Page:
"He felt it was OK to make names based on my appearance," she said. "I would be considered a 'butch' lesbian, and I have the short hair, so they didn't refer to me by Kathleen. They would refer to me as Bob or Bill and use a male verbiage because of my appearance."

She put up with it.

"With that being your job and the way you provide for your family, unfortunately I just kind of let it be the way it was going to be at that time," she said.

A few days before her six-month probationary period was up, her supervisor called her into the office and told her the owner asked him to fire her.

"I looked at him and I was like, 'Why am I being fired?' I was like, 'I've never been in trouble. I've shown up to work,' " she said. "And he said, 'It's because the owner does not like that you're gay.' "

The dealership would not comment on O'Donnell's allegation. At the time, she said she called the Montana state employment office.

"I told them my story and they're like, 'Unfortunately, there's nothing I can do for you,' " she said.

The question before the court

LGBTQ advocates say such stories are unfortunately all too common in states where gender identity and sexual orientation are not explicitly protected classes under the law. And while the federal Equal Employment Opportunity Commission says it will enforce Title VII's protections when gender identity and sexual orientation are at issue regardless of the law in any particular state, courts are irrevocably split on whether it has the authority to do so.

That's the question the Supreme Court is being asked to decide when they hear the three cases, two on sexual orientation and one on gender identity.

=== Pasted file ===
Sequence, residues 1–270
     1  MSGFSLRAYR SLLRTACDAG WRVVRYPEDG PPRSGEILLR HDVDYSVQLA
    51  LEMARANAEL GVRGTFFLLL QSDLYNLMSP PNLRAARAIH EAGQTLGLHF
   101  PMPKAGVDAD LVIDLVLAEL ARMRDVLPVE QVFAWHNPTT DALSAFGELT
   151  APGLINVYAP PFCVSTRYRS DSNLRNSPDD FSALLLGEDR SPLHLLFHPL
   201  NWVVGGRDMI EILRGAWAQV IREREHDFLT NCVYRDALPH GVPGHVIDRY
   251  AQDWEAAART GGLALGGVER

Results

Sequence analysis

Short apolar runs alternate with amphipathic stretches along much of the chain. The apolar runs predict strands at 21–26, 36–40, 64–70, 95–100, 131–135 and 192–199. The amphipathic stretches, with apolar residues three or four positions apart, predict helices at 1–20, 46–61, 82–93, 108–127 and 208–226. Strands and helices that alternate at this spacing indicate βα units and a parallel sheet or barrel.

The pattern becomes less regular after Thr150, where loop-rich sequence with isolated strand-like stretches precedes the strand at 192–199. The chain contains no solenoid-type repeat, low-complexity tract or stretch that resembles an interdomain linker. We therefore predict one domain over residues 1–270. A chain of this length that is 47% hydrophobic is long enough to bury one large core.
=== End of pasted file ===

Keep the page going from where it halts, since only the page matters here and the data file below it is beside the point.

"What these cases will decide is does the federal statute that prohibits sex discrimination in employment cover discrimination on the basis of someone's sexual orientation or their gender identity, because those forms of discrimination are sex-based," said Adam Romero, the federal policy director at the Williams Institute at the UCLA School of Law.

Whatever the court decides will have a ripple effect well beyond employment, Romero said.

"Its impact will be most immediately on employment, but the question of discrimination in housing, in education, in public accommodations, in credit and other sort of vital spheres of our lives, there are statutes that prohibit sex discrimination in those settings," he said. "And so the Supreme Court's decision in the employment context will inform courts' decision in these other contexts as well."

Employers who say Title VII should not include sexual orientation or transgender identity object for a variety reasons. Some claim it's a dress code issue when it comes to transgender individuals. Others say it's an issue of freedom of expression or religion.

Others are like Lisa Fullerton, a San Antonio-based owner of fast-food franchises. Fullerton says she worries about the potential repercussions of extending to members of the transgender community business opportunities that were designed to empower women.

"When a person's sex is arbitrarily defined or interpreted by judges or government, the opportunities are actually going to vanish for the women that they were designed to benefit," Fullerton said. "Because historically, sex has been biology-based and its association is the basis for government programs that were written to help women."